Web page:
Copper Alloy Coatings on Heat-Sensitive Materials

In addition to their versatile decorative finishes, copper alloy coatings have other functional properties too. Metals such as silver, copper and zinc have been demonstrated to effectively kill a range of bacteria including endospore-forming bacteria, within 10 – 120 min [1, 2]. Copper alloys are the most promising of these metals because of their availability, better corrosion resistance compared to zinc, and cost-effectiveness in comparison to silver. However, production of equipment or furniture with sheet metals has limited application due to their high cost and manufacturing challenges. Thermal spraying of surfaces with biocidal copper alloys could provide a cost-effective alternative, in addition to addressing a major health concern.

These metal coatings, in addition to making the wood surface more aesthetically appealing, are also able to protect the wood from moisture, ultraviolet radiation, and mildew. The other advantage of metal coatings in comparison with common organic coatings is that they contain zero volatile organic compounds (VOC) and do not require any drying time.

Coating on surfaces2

Figure 1. Examples of metal coated interior installations. (a) Carved mahogany ornament before and after copper coating, (b) MDF installation with different metal coatings, and (c) patinated copper coating on wood beams.

Coatings Adhesion

The adhesion of thermal sprayed coatings to wood is provided by mechanical interlocking of quickly solidified metal droplets into substrate asperities (Figure 2). Therefore, the adhesion of metal to wood is greatly influenced by wood surface morphology, which varies between wood species and can be enhanced by surface preparation techniques such as sanding.


Figure 2. SEM image of cross-section of a copper-coated mahogany wood sample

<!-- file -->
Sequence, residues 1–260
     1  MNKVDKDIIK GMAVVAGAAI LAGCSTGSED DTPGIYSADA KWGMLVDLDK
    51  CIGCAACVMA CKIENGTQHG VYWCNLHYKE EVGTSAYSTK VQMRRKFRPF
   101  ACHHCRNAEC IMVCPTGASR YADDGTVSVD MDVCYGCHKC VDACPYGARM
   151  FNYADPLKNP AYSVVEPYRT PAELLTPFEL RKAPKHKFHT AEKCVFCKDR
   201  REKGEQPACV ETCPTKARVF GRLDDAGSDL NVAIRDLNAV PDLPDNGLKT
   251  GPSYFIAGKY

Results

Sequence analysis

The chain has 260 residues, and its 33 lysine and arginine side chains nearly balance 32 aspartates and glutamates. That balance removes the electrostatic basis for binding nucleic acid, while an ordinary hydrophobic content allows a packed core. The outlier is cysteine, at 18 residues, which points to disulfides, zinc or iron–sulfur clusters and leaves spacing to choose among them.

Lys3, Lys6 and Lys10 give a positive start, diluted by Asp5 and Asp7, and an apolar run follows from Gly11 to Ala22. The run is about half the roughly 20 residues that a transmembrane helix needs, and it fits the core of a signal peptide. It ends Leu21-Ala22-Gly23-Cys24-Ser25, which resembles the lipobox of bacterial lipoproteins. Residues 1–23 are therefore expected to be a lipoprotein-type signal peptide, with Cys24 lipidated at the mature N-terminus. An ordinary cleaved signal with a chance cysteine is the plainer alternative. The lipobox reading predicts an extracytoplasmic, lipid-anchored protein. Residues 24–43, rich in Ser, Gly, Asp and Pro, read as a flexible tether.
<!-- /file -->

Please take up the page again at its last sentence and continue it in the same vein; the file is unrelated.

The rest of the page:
We measured the adhesion strengths of copper coatings to wood samples by a standard pull-off test (ASTM D4541) using 20 mm dollies. The dollies were glued onto the coated surfaces of wood samples and then pulled off using an adhesion tester (PosiTest AT-M, DeFelsko, NY, USA). The results for the adhesion of copper coatings to various wood samples are shown in Figure 3. Overall, the adhesion of the Cu coating to both hardwood and softwood species was very good. The values were lower than the wood tensile strength for oak, but higher than the wood strength for other samples.

Pull test

Figure 3. (Left) copper coating adhesion test on MDF and mahogany wood. (Right) Adhesion strength of copper coating to different wood species .

The adhesion to MDF substrates was the lowest in comparison with solid woods. In this case, the coating adhesion was higher than the cohesion of bulk MDF (Figure 3). Overall, the adhesion of Cu-coatings to both hardwood and softwood wood species was very good. In some cases, the wood fibres were pulled with the coating, which indicates that the coating adhesion was comparable with the wood cohesion. For other very common substrate materials, like a glass-filled Nylon 6, a copper alloy of CuNiZn coating showed average adhesion of ~ 1300 psi.

Fire Resistant Features

Metal coatings also offer additional advantage for organic substrates, such as better fire rating during fire tests according to ASTM D3806 (Figure 4).

Fire Resistant

Figure 4. Comparison of soft maple charring depth (left) without and (right) with copper coating

Fungi and Mildew Protection

Softwood species, such as pine and spruce, are usually treated with copper-based preservatives to protect them from decay and insects. Our copper alloy coatings are also able to protect the wood from moisture, ultraviolet (UV) light, fungi, and mildew. We studied the performance of these coatings on various wood species as well as MDF wood composite with respect to decay and mildew. The resistance of a Cu-coated sample to fungi and mildew growth was assessed based on the American wood preservation association’s standard test methods (AWPA E24-06 and E10-06). Figure 5 shows some of the results. 


Figure 5. (Left) comparison of Pine wood with and without copper cpating after 12 weeks exposure to fungi. Average weight loss for the uncoated and Cu-coated samples were 55 ± 7% and 4 ± 3%, respectively. (Right) Coated and uncoated MDF samples after 8 weeks in conditioning chamber at 32°C and 95% humidity inoculated with 4 mold species.  



1. Gutierrez, H., Portman, T., Pershin, V., and Ringuette, Evaluation of biocidal efficacy of copper alloy coatings in comparison with solid metal surfaces: generation of organic copper phosphate nanoflowers. J. Appl. Microbiol. 114: 680–687, (2013).

2. Grass, G., Rensing, C. and Solioz, Metallic copper as an antimicrobial surface. Appl Environ Microbiol 77, (2011) 1541–1547